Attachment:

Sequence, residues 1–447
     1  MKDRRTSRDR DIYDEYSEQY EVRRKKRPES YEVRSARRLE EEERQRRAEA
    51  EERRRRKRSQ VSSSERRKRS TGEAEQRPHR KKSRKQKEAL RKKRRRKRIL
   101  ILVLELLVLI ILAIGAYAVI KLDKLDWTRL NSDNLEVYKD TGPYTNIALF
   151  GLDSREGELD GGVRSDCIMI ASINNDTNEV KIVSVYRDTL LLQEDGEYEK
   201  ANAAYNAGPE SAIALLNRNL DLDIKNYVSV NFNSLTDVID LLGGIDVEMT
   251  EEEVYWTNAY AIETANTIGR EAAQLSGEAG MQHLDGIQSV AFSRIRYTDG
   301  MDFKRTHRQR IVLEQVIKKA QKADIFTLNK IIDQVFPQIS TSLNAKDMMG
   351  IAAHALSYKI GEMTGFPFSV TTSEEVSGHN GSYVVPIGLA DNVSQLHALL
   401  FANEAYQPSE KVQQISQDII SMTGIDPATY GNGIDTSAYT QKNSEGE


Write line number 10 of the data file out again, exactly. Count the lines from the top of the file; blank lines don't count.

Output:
   401  FANEAYQPSE KVQQISQDII SMTGIDPATY GNGIDTSAYT QKNSEGE